I’d love to procure a couple of matching straitjackets, one for Calvin and one for me. I like the utilitarian look with all of those cool buckles, belts and grommets, not to mention their purpose: restraint. I envision mine in a buff Irish linen double-cloth while opting for a clean white toothy canvas for Calvin. Perhaps one day we'll transform Calvin's room into a padded cell, which we'll of course share in our mutual insanity.

Again, I wake up to the jarring sound of Calvin’s head banging against the safety panel on his bed. Though it’s padded it unleashes a sickening thump-rattle unnerving enough to jolt me out of my skin and shed bits of delicately grey-streaked brown hair that commingles nicely with Rudy’s, which happens to be everywhere. And though it’s my greatest dream to hurl the frigging baby monitor across the room and stomp on it, I can’t even turn the bloody volume down because I need to hear if Calvin has a seizure.

I repositioned him almost every hour during the night and at 4:30 a.m.—his new normal wake-up time—I've got the sleep deprived hangover of a physics student whose just pulled an all-nighter scarfing cans of Red Bull, bags of chips and hand fulls of M&M's. Finally relenting to the mind-rattling ruckus, I fetch him and bring him into bed with me. Michael is away, no doubt sleeping in late after a blissful, uninterrupted night. What with Calvin’s flailing arms smacking my face, his fist a perfect mate for my eye socket, I put him into what we call a “mama-lock”—my leg over his legs with a firm hold on his arms in an effort to calm his mania so we can both go back to sleep. Often, it works, both for sleep and for averting a black eye or a bloody nose (mine.)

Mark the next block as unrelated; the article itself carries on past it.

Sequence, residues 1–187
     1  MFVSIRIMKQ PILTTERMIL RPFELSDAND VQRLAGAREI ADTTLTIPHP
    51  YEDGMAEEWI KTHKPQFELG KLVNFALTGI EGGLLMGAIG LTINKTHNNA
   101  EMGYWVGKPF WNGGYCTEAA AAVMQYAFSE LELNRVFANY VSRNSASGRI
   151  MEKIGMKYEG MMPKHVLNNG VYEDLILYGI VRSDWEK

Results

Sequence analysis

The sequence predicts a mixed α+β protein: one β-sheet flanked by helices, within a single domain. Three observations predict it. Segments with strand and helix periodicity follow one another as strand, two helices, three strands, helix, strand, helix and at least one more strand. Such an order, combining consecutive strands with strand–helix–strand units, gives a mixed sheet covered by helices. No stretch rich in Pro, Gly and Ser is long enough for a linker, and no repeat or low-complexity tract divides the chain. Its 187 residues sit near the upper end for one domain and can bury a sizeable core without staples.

As I hold his hand under the covers he begins to settle, and I think about how big and strong he is getting. I muse on the straitjacket. As my mind ambles toward sleep I remember something my parents told me, about how they struggled with my brother’s thumb sucking, feared he would ruin his bite and have to get braces that they couldn’t afford. They told me they had put hot pepper (or was it hot sauce) on his thumb but to no avail. Instead they tied his hands to the bed frame so he couldn’t reach thumb to mouth. I shudder at the memory of their description. My stomach sours imagining my brother as a helpless little tot simply wanting—needing—the self-soothing we now know is so important to a child’s healthy development, while at the same time understanding my parents' worry. Heartache.

My sweet boy’s breath fans my face as he drifts off to sleep. I let him loose from the mama-lock and drape my hand across his shoulder, kiss his forehead. No matter how insane this household gets hopefully there will be no straitjackets. I’ll leave that one open for interpretation by the next new fashion crazed designers. Straitjackets, padded leather truckers and Kevlar jeans. Perhaps already been done.


  1. The photo of the straitjacket gave me the shivers. I find myself in need of one in the wee hours of the morning, when Sophie sits up in bed and kicks around, head clunking, humming. Oy.

  2. right? ugh. though not one of my most insightful posts. oh well. must. vent.

  3. I was a camp councilor for kids with epilepsy for the last few summers and had 6 12-year-old girls all over the developmental map. By the time I got home, I was more sleep deprived than I had been at any point before--including the three days on morphine and the week on oxycodon after my epilepsy surgery. I have such respect for you.